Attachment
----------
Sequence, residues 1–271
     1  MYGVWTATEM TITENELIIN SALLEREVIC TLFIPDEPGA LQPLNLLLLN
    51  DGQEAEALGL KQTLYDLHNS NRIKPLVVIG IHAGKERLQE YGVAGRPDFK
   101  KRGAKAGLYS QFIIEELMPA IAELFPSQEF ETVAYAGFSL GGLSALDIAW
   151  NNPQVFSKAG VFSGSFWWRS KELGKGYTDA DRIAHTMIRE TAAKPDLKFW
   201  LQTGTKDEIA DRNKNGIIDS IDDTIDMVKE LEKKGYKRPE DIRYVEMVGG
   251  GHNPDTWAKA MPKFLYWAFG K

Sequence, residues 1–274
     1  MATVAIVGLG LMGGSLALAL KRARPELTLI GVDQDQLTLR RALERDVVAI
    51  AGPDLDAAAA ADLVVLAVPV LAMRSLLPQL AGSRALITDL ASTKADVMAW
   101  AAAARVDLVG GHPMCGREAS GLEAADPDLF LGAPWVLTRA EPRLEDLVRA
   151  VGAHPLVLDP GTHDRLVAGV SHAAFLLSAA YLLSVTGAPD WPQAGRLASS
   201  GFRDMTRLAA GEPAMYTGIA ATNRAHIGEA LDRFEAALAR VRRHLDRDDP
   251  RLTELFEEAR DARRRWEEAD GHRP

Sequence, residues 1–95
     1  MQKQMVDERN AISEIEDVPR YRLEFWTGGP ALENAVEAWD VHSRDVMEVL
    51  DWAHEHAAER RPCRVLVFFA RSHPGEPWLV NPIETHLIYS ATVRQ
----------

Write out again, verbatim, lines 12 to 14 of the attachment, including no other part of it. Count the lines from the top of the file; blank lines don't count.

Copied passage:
   151  VGAHPLVLDP GTHDRLVAGV SHAAFLLSAA YLLSVTGAPD WPQAGRLASS
   201  GFRDMTRLAA GEPAMYTGIA ATNRAHIGEA LDRFEAALAR VRRHLDRDDP
   251  RLTELFEEAR DARRRWEEAD GHRP